Recently, we just accomplished our adventure in Realm of Randomness in Jesse Schell’s Game Designing kingdom, Ludus. Before this crazy adventure, I thought randomness is such a good friend for game designer. Right? It helps us to make the game more dynamic (different outputs for the same input action), to simulate the reality more, or even to encourage the players to do something aggressive more. Players also feel happy when they encounter some obvious random event, for example, to draw a card as their new collection, or to spin the wheel and then multiply the output damage.
I never notice that this friend will be such a complicated factor until I have to design a game start with some pure random-purpose item: dice.
What could randomness GO WRONG in a game?
According to Oxford Dictionaries, “randomness” means “something made, done, or happening without method or conscious decision”. That is, the essence of “randomness” contains an idea of “out of control”. It could make your game more interesting and let your guests have dynamic experience. However, at the same time, it might ruin your game since those random factors are unpredictable in nature. I comprehend that players love and accept those pure random events because those events are not the core mechanism of the game. Those events are just some bonus or extra rewards for their input. Yet, once that randomness rules the whole game, players would start feeling uncomfortable. People love the feeling of controlling something, especially for game players, they want the absolute power to control their avatars, flow path, etc. Accidental randomness events work since we just take back their controlling power for a very short period of time. However, if there are too many random elements inside, players won’t feel they have the power of control at the most of time. Then, they will start to pull themselves back from that game, stop accepting the game experience game designer provide, and try to question the whole mechanism. At the end, players will totally disconnect with the whole virtual world and stop play the game.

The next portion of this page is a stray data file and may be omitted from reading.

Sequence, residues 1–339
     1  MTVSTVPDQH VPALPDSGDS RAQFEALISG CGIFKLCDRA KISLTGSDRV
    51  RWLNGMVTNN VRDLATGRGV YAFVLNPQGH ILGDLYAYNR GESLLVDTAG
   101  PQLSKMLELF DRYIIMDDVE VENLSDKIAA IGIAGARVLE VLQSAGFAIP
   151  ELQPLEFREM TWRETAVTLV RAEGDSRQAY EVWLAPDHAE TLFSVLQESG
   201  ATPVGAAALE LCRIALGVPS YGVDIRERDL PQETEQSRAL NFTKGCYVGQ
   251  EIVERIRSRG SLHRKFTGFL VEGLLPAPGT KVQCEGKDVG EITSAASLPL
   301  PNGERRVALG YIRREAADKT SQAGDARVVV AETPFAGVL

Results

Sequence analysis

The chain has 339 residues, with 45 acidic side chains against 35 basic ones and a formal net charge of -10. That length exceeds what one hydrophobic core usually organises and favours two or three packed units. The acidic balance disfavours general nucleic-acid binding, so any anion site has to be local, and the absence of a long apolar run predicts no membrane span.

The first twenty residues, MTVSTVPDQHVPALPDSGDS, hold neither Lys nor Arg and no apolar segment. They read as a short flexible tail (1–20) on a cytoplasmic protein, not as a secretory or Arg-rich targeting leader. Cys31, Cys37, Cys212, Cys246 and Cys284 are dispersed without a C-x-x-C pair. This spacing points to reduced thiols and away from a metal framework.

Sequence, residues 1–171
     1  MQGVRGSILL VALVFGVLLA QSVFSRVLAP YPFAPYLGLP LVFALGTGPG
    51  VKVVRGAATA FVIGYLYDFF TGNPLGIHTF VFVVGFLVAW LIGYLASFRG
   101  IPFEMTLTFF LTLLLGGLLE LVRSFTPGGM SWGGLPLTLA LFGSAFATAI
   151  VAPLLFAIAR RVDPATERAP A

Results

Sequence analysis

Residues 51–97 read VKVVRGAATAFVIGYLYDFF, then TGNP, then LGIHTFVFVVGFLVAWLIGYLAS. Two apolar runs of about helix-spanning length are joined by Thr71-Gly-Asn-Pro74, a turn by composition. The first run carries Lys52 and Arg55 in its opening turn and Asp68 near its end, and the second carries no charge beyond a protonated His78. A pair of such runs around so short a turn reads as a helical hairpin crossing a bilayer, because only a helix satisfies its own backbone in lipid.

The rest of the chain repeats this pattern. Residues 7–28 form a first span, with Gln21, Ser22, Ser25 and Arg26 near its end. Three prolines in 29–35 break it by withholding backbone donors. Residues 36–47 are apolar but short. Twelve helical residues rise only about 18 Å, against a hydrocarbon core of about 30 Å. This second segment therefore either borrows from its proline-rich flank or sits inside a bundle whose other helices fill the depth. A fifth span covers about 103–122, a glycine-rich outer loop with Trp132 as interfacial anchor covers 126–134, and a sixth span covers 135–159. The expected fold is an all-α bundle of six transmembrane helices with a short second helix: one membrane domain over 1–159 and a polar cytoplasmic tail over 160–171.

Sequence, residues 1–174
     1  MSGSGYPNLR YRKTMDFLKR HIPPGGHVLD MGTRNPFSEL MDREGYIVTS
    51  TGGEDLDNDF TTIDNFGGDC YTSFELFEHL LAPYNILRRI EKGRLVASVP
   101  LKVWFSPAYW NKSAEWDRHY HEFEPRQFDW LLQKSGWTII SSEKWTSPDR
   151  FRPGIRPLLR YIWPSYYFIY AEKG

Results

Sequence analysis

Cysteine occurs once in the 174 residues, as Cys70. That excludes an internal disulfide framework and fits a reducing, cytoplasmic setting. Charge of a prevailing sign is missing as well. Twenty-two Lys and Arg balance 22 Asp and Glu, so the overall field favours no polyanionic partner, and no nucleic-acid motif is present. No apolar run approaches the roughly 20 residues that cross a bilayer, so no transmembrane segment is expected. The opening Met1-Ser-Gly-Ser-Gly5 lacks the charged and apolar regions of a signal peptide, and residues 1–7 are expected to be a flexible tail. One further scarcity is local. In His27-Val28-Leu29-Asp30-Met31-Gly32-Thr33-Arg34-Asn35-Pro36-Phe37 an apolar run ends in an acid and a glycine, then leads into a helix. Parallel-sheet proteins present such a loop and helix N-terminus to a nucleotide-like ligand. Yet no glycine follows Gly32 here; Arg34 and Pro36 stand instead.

In summary, the randomness is aimed to “get rid of the rules” in nature. It makes the game both more dynamic and out of control at the same time. “Dynamic” would make the game more engaging; however, “out of control” could also frustrate your players. Therefore, the crucial part of utilizing the randomness factor in game is to control the effective range of out of control. Here are three different ways to constrain this naughty boy:
- Separate the randomness from core gameplay.
For example, extra crucial attack would happen during the battle, or random treasure would be provided after each battle.
- Provide another opportunity for players to adjust the result or shorten the effective time period.
For instance, in card battle games, player still would be able to decide which card to play even after randomly drawing a card from the deck.
- Gradually enhance the ability of control.
Like some classic tabletop RPGs, the possibility of successful attack would increase after character’s level-up.
(I found out Noel’s “Luck In Games” is a great article that categorizes three different kinds of randomness well and provide some tips and examples for game designers to deal with each type of randomness.)
Back to the adventure...